When you have a prolonged conversation with any group of mothers of teens these days, there’s a good chance the topic of depression will come up, and someone will share that their child – usually a daughter – is now seeking treatment. Depression has become another condition, like Autism Spectrum Disorders and ADHD, which we wonder about as it affects our teens and young adults. Is it really more prevalent today, or is it just that we read more about it, and people are a little more willing to talk about the issue in public?
Unfortunately, depression is indeed on the rise in our country, particularly among adolescent girls and young adult women. National survey data collected from 2005 through 2014, show an increase of major depressive episodes (MDE) in both males and females, ages 12-25. The female rate of increase during these years was double that of the rate increase in males.
How do we know when our teenager or young adult is simply displaying the typical rollercoaster of emotions that we all remember, or when their mood and behavior signal a true problem? An MDE is defined as
a period of two weeks or longer during which there is either depressed mood or loss of interest or pleasure, and at least four other symptoms that reflect a change in functioning, including problems with sleep, eating, energy, concentration, and self-image.
For any parent who suspects their teen or young adult may be suffering from a depressive episode, it is very important to have a comprehensive evaluation done. A federal task force has recommended that all teens be screened for depression by their primary care provider, but this does not always happen, and often a parent may not know that their adolescent is at risk.
According to the National Alliance on Mental Health, children and teens at higher risk for depression include
those who have attention deficit/hyperactivity disorder, learning or anxiety disorders and oppositional defiance disorder. A young person who has experienced considerable stress or trauma, faced a significant loss or has a family history of mood disorders, is at increased risk for depression.
A 2015 article in the Journal of Clinical Psychological Science showed that adolescent girls react differently to, and face more interpersonal stress, than boys do. Today, when you ask parents of teen girls what they think the greatest cause of stress is in their child’s life, you will get nearly unanimous agreement that it is social media. It is easy to see that the constant pressure of self-promotion and the resulting need for validation can result in anxiety and depression. As our daughters and sons progress into the later teen years, add in the pressures to excel academically, athletically and in leadership roles, and it is no wonder that today’s ultra-competitive environment is a breeding ground for greater rates of depression.
The need for better screening and effective treatment for teen and young adult depression is vital. When experiencing a depressive episode, teens have an increased risk for suicide, which is the third-leading cause of death among 15-19 year olds. The good news is that there are a variety of effective treatments today for depression that go beyond just medication, such as various psychotherapies, brain stimulation therapies, exercise, and alternative/complementary treatments like meditation and acupuncture.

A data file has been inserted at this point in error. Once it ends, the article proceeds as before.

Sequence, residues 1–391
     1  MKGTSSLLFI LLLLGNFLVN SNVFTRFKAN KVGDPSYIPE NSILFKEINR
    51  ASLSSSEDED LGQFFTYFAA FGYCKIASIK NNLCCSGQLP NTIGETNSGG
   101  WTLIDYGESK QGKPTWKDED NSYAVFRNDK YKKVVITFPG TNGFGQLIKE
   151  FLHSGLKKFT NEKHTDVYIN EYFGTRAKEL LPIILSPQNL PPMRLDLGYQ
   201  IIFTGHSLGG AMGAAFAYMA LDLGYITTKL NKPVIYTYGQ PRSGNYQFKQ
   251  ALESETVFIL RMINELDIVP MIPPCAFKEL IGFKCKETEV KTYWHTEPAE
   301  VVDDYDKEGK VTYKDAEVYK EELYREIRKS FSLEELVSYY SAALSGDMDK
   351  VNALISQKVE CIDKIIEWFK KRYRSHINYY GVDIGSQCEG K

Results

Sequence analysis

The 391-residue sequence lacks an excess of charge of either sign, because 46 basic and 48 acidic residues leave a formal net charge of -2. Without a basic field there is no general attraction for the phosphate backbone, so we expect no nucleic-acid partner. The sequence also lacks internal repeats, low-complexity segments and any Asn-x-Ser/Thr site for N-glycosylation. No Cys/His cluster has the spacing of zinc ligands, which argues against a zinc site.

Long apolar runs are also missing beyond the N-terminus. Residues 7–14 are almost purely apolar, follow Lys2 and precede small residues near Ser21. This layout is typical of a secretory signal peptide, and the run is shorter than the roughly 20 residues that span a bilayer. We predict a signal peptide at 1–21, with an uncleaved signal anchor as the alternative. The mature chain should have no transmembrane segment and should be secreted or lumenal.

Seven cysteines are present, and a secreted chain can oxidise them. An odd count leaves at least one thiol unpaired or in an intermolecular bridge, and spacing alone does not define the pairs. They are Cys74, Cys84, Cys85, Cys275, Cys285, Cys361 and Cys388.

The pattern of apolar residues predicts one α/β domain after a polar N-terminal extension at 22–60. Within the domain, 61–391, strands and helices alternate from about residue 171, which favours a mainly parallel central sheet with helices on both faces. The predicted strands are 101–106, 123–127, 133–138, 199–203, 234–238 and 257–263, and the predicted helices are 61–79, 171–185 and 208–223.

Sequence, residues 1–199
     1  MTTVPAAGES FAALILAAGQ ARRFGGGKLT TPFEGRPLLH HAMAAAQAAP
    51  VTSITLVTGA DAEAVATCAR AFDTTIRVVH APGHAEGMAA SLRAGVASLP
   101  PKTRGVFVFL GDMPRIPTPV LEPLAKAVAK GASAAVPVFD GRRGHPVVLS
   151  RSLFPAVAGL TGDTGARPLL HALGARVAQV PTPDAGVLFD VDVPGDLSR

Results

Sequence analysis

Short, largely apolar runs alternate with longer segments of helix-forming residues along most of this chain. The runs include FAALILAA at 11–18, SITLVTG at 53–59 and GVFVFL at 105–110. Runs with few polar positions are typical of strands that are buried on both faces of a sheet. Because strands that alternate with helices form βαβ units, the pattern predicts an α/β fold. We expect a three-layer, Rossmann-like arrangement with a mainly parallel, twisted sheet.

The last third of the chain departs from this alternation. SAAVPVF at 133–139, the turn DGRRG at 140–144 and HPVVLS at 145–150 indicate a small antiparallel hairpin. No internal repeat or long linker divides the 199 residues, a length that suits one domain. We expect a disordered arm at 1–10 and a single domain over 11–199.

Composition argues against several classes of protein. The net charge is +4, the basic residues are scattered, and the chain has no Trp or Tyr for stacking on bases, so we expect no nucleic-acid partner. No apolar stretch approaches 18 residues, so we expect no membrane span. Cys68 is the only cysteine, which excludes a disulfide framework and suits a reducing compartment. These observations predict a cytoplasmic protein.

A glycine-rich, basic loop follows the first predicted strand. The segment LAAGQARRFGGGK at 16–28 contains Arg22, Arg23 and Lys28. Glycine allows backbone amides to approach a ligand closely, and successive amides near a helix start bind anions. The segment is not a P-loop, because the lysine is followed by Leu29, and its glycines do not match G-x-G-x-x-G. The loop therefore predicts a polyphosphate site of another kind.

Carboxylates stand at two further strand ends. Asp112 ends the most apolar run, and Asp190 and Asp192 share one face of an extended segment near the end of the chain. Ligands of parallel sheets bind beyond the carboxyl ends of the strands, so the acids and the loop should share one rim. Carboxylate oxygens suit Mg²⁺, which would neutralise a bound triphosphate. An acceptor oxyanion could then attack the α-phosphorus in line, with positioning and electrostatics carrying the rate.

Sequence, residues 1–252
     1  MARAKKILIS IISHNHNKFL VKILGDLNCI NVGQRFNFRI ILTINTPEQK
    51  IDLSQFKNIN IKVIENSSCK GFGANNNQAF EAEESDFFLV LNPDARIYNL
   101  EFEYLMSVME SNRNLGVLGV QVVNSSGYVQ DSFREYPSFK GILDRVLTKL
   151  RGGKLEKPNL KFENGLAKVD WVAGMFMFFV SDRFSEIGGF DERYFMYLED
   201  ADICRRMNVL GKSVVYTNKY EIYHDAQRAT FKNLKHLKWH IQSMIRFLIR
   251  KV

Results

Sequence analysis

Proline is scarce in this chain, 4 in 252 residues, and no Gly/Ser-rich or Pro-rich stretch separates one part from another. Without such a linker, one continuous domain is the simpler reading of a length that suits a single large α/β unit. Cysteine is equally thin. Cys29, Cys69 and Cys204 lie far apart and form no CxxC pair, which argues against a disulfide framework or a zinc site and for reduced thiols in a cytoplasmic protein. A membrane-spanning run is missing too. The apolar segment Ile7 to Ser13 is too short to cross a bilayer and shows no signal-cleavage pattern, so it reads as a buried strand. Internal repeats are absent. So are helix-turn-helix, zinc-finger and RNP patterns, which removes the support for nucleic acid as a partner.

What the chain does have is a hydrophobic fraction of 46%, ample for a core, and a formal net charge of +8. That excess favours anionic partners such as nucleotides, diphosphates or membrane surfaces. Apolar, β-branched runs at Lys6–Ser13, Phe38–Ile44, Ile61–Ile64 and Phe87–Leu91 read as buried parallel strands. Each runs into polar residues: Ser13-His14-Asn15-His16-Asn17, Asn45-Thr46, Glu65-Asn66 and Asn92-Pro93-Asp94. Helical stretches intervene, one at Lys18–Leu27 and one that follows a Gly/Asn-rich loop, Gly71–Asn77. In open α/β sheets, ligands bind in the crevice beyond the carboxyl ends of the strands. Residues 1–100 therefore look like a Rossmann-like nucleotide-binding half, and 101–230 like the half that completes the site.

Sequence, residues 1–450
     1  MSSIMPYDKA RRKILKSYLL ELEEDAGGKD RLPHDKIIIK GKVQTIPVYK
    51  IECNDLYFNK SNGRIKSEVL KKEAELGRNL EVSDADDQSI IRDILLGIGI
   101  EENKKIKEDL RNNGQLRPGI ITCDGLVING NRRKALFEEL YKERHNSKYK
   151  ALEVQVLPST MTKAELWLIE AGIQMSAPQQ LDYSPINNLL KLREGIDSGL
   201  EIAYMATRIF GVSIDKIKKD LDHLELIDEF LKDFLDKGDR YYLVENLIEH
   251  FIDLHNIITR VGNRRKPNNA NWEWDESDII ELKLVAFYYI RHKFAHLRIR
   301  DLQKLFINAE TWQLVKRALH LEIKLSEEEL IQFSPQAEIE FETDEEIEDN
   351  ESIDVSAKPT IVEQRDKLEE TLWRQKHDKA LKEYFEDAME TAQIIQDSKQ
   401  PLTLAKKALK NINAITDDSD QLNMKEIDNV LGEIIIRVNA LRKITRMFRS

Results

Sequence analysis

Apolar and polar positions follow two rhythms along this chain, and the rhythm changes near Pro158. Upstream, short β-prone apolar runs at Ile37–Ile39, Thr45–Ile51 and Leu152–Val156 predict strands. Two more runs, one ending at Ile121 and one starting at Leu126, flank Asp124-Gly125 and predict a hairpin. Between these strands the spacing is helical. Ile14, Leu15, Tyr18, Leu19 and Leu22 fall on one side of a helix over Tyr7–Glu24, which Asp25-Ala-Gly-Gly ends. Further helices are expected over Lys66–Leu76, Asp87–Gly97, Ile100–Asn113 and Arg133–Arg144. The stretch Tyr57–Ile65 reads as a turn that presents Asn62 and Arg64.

If a parent is unable to convince a teen or young adult to go see a primary care provider or school psychologist for screening, there are many helpful resources online. For example, a website called Erika’s Lighthouse has a screening tool just for teens as does the site Healthy Place.
Another useful resource is the Buddy Project. Since 2013, this non-profit organization has been pairing teens with a buddy, based upon mutual interest and age. They aim to
prevent suicide and self-harm by pairing people as buddies and raising awareness for mental health. They primarily focus on children, teens and young adults across the globe by providing positivity, companionship, resources and education, in order to reduce the stigma of mental illness, bullying and negativity on social media.
Their website also provides an extensive list of hotlines for teens to call in the event they need help for any number of mental or physical health issues.
OK2Talk.org is a Tumblr community for teens and young adults struggling with mental health problems that encourages them to talk about what they’re experiencing by sharing their personal stories of recovery, tragedy, struggle or hope. Teens can “add their voice by sharing creative content such as poetry, inspirational quotes, photos, videos, song lyrics and messages of support in a safe, moderated space.”
As parents, we need to educate ourselves to look for the signs of depression in our teens, especially if there is a family history of mood disorders, or a child has faced any significant stress or trauma during their childhood. We must talk to our kids often about the genuine pressures they face, and the negative effects that social media can have on their self-perception.
We can all play a part in erasing the stigma of mental health conditions by talking honestly with our kids about needing and accepting help. When there is early detection, diagnosis and treatment, many teens experience great improvement. But if left untreated, depression can be devastating – both for those who suffer from it, and for their families.
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